Separate Independent Corporations. The third approach is to create nonprofit chapters as truly separate corporations in each state where the parent operates. Each corporation, or nonprofit chapter, would have a separate, locally elected board of directors that would be legally responsible for the activities of the corporation that it governs. The parent’s authority over the out-of-state corporations would be as set forth in a Charter and License agreement between each chapter and the parent. Such an agreement would, among other things, outline the terms governing the chapters’ use of the parent’s name and logo, define the geographic scope of each chapter’s activities, etc. The greatest advantage of this approach is that it shifts maximum responsibility (and the corresponding liability) for local operations to the local chapters.
Another twist on this approach that increases the Foundation’s influence over the nonprofit chapters is to apply for a group exemption and to list each Chapter as a subordinate under the Foundation’s group exemption. The benefit of this model is that it permits the chapters to gain tax-exempt status without going through the expensive and often time-consuming application process; however, to qualify as a subordinate under the parent’s group tax exemption, the Chapters have to submit to some degree of control and supervision by the parent. Under the group exemption model, the chapters would be able to file their own Form 990s relieving the parent of responsibility for tax reporting and compliance on behalf of each Chapter. However, the parent would be taking on the role of certifying to the IRS that each subordinate qualifies for the exemption and monitoring their compliance.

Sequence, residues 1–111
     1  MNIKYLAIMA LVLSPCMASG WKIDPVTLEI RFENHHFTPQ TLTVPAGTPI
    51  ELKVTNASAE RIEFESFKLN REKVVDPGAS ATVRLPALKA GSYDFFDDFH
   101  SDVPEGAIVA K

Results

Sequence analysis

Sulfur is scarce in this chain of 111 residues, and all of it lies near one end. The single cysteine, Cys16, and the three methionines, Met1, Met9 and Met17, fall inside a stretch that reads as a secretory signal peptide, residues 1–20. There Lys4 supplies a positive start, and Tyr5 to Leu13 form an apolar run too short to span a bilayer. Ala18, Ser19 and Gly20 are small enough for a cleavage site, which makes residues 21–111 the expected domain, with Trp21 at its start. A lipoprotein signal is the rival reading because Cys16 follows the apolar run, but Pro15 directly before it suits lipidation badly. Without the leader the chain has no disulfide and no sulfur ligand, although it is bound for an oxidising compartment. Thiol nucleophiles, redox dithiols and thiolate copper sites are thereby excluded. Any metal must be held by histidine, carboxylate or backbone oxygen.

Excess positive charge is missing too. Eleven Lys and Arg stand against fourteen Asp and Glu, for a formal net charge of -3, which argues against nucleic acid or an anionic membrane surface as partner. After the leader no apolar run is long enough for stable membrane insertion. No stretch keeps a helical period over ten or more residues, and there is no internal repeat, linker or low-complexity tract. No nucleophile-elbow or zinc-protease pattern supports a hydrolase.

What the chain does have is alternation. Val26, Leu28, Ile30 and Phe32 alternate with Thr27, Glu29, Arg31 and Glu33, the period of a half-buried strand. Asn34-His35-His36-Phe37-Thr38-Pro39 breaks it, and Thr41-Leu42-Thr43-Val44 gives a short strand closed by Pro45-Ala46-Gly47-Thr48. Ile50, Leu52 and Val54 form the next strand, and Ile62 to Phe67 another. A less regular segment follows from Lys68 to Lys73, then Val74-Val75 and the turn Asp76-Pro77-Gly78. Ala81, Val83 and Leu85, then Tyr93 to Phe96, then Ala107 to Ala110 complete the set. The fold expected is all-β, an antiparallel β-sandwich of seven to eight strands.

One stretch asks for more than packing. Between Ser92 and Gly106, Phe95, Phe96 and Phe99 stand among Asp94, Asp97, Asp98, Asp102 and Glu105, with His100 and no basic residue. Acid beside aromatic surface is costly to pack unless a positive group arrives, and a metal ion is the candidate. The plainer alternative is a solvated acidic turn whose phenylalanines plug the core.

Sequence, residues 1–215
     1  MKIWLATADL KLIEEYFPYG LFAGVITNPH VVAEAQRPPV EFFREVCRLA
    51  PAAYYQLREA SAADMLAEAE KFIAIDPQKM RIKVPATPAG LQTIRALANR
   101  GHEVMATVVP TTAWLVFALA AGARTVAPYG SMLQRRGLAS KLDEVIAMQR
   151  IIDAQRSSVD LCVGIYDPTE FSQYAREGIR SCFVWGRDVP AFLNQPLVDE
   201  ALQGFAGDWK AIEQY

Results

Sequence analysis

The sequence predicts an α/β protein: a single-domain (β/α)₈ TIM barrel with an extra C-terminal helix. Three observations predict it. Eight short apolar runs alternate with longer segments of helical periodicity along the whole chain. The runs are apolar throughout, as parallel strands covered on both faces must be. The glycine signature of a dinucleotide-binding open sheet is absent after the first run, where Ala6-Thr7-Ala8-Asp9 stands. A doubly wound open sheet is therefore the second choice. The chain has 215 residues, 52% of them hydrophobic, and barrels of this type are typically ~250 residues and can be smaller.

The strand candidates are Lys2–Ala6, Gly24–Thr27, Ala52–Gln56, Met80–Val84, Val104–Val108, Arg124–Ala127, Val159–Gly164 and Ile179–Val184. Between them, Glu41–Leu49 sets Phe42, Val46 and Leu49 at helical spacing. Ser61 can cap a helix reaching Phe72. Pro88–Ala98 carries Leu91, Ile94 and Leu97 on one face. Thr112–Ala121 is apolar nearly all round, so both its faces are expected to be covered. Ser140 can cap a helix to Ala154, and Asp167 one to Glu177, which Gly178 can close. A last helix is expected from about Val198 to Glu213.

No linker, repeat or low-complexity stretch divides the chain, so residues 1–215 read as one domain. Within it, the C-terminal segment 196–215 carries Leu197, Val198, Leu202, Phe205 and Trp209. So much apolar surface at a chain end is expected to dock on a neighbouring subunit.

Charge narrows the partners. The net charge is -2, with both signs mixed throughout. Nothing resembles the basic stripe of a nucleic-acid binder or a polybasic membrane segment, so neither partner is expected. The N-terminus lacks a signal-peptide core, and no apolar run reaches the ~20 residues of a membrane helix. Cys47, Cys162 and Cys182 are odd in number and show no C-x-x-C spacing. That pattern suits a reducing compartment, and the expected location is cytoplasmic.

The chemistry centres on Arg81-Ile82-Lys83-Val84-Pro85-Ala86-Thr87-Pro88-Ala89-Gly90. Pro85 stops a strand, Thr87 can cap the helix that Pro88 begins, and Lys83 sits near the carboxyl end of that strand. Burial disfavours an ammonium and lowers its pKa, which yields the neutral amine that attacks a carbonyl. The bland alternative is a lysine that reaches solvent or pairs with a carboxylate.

Separate Subsidiary Limited Liability Corporations. An emerging nonprofit chapter model is to form subsidiaries as limited liability companies with the parent organization as the sole member. As single-member LLCs, the subsidiaries are treated as separate entities under state law for purposes of asset protection, but are disregarded by the IRS for tax purposes. Thus, each LLC is treated by the IRS as a program or division of the sole member, obviating the need for each LLC to apply for tax-exempt status. LLCs are also very flexible, permitting parent organizations to carefully tailor the degree of autonomy their chapters will have.
There is no ideal model. Each structure should be suited to the needs of the organization which will be different depending on its activities, risk tolerance, desire for control, etc. Regardless of which organizational structure a nonprofit organization chooses, a thoughtful growth plan will help to ensure the long-term success of the organization and avoid struggles among the chapters and the parent for years to come.
Ellis Carter is a nonprofit lawyer with Caritas Law Group, PC. To contact Ellis, call 602-456-0071 or email us at email@example.com.